Appeal from judgment of Court of Common Pleas of Greene County, March T., 1963, No. 210, in case of Karol Sierzega v. United States Steel Corporation et al.
Robert M. Keener, with him Albert A. Sayers, and Sayers, King & Keener, for appellant.
Ben F. Wright, with him David E. Cohen, Ewing B. Pollock, and Pollock, Pollock & Thomas, for appellee.
Ervin, Wright, Woodside, Watkins, Montgomery, and Flood, JJ. (Rhodes, P. J., absent). Opinion by Watkins, J.
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This is an appeal from the judgment of the Court of Common Pleas of Greene County entered on the
[ 204 Pa. Super. Page 533]
decision of the Workmen's Compensation Board in an Occupational Disease case in favor of Karol Sierzega, the claimant-appellee and against the United States Steel Corporation, the defendant-appellant.
The claimant was employed by the United States Steel Corporation at three different coal mines from June, 1918 until July 14, 1956, a total of 38 years. The employer has not raised the question of exposure. From 1956 to July 1, 1960 the claimant was unemployed, but was active around his home working in his yard and garden. On July 1, while mowing the lawn he suddenly had difficulty getting his breath, almost fell down and had to sit down and could do nothing further. He never again was able to do any physical labor and had to sleep in a sitting position. In June, 1961, he was admitted to the Uniontown hospital but was then transferred to the Cresson State Hospital where he remained until March 18, 1962. According to the record he had no reason to know he had silicosis until so informed in the Cresson hospital on September 1, 1961. He gave notice of this disability to his employer on September 7, 1961 and filed a claim petition on September 15, 1961.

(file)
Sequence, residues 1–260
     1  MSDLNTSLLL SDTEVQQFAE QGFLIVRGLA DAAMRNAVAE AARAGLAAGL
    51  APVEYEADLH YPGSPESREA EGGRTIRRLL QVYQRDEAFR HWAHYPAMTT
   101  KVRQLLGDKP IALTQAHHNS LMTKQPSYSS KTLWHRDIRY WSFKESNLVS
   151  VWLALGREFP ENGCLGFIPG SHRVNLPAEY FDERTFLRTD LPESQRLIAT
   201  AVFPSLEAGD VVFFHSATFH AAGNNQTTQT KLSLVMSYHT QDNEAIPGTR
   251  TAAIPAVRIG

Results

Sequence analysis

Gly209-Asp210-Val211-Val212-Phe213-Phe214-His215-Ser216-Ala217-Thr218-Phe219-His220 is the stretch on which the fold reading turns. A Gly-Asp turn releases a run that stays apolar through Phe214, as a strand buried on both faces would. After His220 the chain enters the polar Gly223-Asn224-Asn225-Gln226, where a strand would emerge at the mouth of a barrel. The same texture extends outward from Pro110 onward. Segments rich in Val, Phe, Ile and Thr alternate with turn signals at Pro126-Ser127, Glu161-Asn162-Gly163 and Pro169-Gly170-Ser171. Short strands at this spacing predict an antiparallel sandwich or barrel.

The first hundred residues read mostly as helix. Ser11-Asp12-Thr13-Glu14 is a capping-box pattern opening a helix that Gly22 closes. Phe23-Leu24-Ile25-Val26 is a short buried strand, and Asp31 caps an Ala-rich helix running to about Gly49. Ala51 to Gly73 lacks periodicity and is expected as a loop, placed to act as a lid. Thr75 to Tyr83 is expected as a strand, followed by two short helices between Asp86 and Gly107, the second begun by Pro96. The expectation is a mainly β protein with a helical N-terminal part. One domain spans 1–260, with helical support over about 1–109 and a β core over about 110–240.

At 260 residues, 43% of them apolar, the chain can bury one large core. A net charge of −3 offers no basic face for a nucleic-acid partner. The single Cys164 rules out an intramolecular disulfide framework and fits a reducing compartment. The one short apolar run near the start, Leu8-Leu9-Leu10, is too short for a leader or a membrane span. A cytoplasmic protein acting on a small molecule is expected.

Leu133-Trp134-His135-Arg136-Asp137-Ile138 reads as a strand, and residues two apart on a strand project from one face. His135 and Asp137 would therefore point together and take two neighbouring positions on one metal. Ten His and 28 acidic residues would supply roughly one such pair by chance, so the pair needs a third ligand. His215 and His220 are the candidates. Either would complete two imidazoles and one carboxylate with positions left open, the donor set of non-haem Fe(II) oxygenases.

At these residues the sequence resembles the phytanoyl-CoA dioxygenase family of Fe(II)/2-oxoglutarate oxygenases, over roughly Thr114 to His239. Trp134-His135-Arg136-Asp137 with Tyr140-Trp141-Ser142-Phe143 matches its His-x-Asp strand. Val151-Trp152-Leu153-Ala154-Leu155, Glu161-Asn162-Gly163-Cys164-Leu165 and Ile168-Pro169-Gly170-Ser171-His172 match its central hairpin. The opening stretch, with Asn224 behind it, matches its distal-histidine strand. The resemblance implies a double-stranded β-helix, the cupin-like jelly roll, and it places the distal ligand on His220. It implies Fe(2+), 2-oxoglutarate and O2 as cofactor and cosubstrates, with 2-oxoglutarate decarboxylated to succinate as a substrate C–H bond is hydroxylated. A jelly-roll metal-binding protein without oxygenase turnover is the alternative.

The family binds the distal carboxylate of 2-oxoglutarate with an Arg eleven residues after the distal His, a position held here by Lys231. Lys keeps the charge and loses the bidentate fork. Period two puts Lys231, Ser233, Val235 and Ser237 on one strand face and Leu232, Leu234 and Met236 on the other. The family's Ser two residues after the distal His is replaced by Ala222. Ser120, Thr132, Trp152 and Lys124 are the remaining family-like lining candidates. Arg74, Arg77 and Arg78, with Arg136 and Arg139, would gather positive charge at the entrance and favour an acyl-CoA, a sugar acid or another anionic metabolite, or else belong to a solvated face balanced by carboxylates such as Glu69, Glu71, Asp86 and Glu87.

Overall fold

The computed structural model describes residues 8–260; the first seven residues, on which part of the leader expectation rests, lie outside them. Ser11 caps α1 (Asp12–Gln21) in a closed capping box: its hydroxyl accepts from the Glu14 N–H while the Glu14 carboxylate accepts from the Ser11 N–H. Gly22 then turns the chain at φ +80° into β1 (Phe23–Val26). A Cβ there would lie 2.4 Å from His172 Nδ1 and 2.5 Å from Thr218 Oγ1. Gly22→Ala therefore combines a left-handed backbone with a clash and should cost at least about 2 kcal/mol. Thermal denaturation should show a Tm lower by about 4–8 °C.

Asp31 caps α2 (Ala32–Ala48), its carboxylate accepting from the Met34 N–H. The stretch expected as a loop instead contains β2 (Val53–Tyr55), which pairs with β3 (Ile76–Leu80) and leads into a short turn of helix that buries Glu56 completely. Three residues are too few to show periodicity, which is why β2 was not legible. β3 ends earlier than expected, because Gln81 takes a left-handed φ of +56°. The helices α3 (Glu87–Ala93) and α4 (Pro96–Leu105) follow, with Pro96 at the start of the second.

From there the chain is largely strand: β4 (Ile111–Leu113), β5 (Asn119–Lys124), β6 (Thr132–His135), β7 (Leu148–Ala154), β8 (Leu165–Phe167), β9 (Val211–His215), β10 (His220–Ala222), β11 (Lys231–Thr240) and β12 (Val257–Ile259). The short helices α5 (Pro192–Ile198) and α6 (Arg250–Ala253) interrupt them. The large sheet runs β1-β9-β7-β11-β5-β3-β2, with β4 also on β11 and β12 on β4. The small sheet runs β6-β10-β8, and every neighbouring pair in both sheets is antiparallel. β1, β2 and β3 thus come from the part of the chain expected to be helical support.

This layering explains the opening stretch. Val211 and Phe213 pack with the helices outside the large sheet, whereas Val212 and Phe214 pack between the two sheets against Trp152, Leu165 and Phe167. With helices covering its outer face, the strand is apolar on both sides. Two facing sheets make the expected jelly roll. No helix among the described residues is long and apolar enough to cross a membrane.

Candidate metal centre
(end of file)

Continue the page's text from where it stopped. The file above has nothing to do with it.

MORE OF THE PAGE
The referee awarded compensation for total and permanent disability from silicosis. The Workmen's Compensation Board affirmed, and on appeal, the Court of Common Pleas of Greene County affirmed the decision of the board and entered judgment on the award in favor of the claimant.
This appeal primarily raises the question whether there is sufficient evidence to support the findings and conclusions of the board and in particular, the finding that the claimant became totally disabled as a result of silicosis on July 1, 1960. The evidence, of course, must be reviewed in the light most favorable to him and he must be given the benefit of all inferences reasonably deducible therefrom, and when the
[ 204 Pa. Super. Page 534]
findings are supported by legally credible evidence they are binding on the court. Leftwrich v. Colonial Alum. Sm. Corp., 184 Pa. ...